This is a problem I think about a ton. The first thing is to collect the data. As for how you go about doing segmentation? Well, that varies a lot. Certainly, big businesses and smaller businesses have very different technical problems. And it would be easy to kind of get lost in the sauce on that. But I'd say, remember, at its core, what segmentation is trying to do is trying to help you get more personal with your customers so that you can have relevant conversations with them.

And the truth is, we as marketers can probably very quickly rattle off the … number of business personas that exist in your customer base. Okay, that's cool. You know what your five customer personas are. How do I go about making sure that for every last customer in my database, I can line them up with the right persona, so that I can then have the right conversation with them?

I make this point because regardless of what algorithm you use, regardless of what data you use, coming into the process with extreme clarity about who my customer is and what I'm trying to get to in terms of my personas, is the easiest way to make sure that you stay on track and successfully deliver a segmentation that is impactful with respect to your ability to talk to customers.

AI Business: Can you name some use cases that succeeded and some that failed?

Humphrey: Audience generation use cases have been around for a while. One example comes from one of our customers that recently activated a segmentation split of their own customer base − which accounts were created with a workplace email versus those that were created with a personal email address. They then sync to the delivery of their marketing campaigns for either weekdays between 9 a.m. and 5 p.m., or during the weekend, depending on the email address used. This is an example of (benefiting from) knowing the persona of your customer and bringing that intuition to life at scale − you can drive better outcomes.

As for generative AI use cases, while today is exciting because I'm talking about things such as generating an entire email, this is not the first thing that we have put into the wild. And not all of those attempts have been as successful as this one. It’s early innings, and oftentimes we have done a good job of with concepts like headline generation — and no one discovered them and used them in the grand scheme of things. We were generating headlines before ChatGPT blew up. But was anyone talking about headlines in Mailchimp? No, because we didn't do a great job of creating awareness and driving people to realize that it's there in a way that they could create and extract value from it.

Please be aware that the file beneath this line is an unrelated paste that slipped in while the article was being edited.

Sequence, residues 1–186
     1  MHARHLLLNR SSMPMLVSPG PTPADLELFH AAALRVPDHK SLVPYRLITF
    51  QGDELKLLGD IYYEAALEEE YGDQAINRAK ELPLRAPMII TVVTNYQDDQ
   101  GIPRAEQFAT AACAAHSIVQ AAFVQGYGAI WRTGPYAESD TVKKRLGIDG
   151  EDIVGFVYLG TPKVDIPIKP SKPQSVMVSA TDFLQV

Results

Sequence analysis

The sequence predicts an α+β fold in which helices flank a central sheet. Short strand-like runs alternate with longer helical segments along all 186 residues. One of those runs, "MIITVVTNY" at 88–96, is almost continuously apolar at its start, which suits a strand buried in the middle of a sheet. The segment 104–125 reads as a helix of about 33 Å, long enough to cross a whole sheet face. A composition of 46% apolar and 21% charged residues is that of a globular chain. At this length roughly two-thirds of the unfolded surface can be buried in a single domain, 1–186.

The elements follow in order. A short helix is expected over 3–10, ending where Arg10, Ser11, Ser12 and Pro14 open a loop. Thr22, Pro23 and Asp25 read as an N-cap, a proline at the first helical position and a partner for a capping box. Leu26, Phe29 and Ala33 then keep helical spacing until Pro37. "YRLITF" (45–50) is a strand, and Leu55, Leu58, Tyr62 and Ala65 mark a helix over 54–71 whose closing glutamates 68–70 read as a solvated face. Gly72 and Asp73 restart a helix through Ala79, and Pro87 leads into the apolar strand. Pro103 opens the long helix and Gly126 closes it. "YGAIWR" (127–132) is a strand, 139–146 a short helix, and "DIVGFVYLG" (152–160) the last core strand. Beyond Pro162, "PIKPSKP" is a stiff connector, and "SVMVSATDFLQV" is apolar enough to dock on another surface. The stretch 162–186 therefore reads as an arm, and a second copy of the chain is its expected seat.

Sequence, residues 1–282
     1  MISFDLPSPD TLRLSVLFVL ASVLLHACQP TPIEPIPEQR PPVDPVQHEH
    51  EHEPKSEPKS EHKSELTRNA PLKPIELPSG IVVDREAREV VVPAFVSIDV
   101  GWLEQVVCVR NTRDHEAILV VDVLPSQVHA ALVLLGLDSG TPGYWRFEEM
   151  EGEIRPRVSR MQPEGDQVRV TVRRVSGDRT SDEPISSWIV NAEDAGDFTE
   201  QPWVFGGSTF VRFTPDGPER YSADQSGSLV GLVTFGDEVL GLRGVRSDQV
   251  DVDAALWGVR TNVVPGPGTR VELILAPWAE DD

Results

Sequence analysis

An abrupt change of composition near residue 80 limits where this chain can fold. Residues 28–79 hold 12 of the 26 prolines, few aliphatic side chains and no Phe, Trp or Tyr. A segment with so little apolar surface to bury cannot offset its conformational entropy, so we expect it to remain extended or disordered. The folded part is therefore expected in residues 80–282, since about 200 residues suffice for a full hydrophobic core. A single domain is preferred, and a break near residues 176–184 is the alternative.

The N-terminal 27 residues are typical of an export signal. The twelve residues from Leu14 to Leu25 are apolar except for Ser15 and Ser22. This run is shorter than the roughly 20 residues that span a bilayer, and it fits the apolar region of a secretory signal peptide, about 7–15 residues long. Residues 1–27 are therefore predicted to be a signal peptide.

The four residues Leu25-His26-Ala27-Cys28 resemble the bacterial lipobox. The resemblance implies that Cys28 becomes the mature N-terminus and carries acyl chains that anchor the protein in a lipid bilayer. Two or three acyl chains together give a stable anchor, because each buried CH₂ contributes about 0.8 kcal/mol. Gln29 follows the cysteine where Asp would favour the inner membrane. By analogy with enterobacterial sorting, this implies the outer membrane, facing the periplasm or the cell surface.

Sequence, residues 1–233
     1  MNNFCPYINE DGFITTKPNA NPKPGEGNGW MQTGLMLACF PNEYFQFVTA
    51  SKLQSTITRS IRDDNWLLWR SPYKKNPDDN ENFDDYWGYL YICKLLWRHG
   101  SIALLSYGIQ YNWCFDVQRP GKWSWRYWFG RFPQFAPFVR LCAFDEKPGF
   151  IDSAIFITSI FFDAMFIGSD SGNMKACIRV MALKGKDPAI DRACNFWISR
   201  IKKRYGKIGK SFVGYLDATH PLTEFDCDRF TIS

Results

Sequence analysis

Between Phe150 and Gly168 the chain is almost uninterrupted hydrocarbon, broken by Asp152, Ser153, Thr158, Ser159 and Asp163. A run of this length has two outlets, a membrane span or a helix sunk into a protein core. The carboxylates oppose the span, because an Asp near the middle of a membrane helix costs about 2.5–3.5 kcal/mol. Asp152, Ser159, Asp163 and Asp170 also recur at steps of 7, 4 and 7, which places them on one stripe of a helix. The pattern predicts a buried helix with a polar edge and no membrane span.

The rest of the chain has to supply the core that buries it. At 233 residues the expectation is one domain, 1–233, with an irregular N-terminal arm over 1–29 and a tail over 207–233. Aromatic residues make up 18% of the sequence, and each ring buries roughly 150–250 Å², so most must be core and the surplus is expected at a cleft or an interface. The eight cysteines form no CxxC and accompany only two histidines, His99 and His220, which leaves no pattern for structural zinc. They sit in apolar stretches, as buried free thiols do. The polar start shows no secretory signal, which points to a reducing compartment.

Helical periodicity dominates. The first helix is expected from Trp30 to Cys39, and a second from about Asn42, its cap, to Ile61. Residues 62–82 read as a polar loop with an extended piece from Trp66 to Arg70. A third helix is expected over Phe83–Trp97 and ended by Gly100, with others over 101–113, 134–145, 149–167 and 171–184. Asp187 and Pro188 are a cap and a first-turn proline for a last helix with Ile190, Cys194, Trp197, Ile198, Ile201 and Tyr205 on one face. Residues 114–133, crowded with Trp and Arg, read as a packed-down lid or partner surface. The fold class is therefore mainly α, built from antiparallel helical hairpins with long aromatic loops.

For all the improvements in technology, and there are many, the reality is you still need to deliver a compelling product to a customer in a way that they understand and trust, or else they’re not going to use it. … Fundamentals of good marketing simply have not changed.

AI Business: Do you think physical direct mail is dead? Or is there still a place for that in marketing?

Humphrey: If I were to judge by the contents of my personal mailbox over the weekend, it is far from dead. Not just because it shows up in my in my mailbox, but because I know that at least one person in my house is reading the catalogs that arrive with quite rapt attention, and it's ultimately leading to conversion.

It kind of goes back to our whole premise of, ‘Is email itself a channel that might be on its decline?’ And the answer is no, because it turns out, we all consume information differently. We all appreciate different surfaces. As we think about how do we leverage these technologies as marketers, it's really important to remember that we should meet our customers on whatever surface they want to be on. And the principles of what is good marketing are the same across, and frankly, how we leverage these technologies are very similar.

Yes, there's some last mile differences in terms of how do I print something, versus how do I put it in an email, versus how do I render it on a social platform, but everything else that happens in the middle is fundamentally the same. And so I think it just becomes a matter of different surfaces work at different times for different people, and we need to be there.

Decades after the advent of the electronic message, and years after social media ad platforms have become huge, catalogs still show up in the mail. That's not going to change in the foreseeable future.

AI Business: What do you think the future will look like with AI/ML, data and marketing?

Humphrey: The future is going to look very different. In the early days − we already have some clues − it's going to look very much like Copilot (a generative AI app that writes code). We will start with blank slates, whether they be in terms of audience creation, or in terms of content creation. And from there, we will get some assistance, like ‘Hey, have you considered this piece of content?’ Or ‘have you considered this audience?’ and we will build up.

Over time, what will change is as the technology gets better and as we become better users of the technology, it will start to look more and more like autopilot.

(For example,) the AI creates a campaign that it thinks would be good for your business, given its objective, and tailored to an audience that would benefit from seeing it. Then you as the customer, as the marketer, review that, put your own spin on it, maybe even provide feedback to the machine – ‘I think that this discount is too steep, or this audience is too narrow’ − and it goes and iterates, based on your feedback. Then it comes back (with the changes). Eventually you will have something that you are comfortable sending to your customers.

The mental model I would use here is like having a smart intern. You would never necessarily let them hit send on a campaign without taking at least some sort of peek at it. But by and large, they're going to get a good first iteration.

This then begs the question of if we're not doing the sorts of things we were doing before, what will we be doing? And the answer is a lot. One, there will be far more campaigns and far more products than we are capable of supporting now.

But the far bigger change is we now get to up-level ourselves to think about higher-order problems. What are the customer pain points that we're not even thinking about addressing right now? And how do we bring to life products and offers that address those pain points for them? How do we think about our business and how it's performing? For these reasons, and many more, I'm very excited about where this is all going.

Read more about:

ChatGPT / Generative AI

About the Author(s)

Deborah Yao


Deborah Yao runs the day-to-day operations of AI Business. She is a Stanford grad who has worked at Amazon, Wharton School and Associated Press.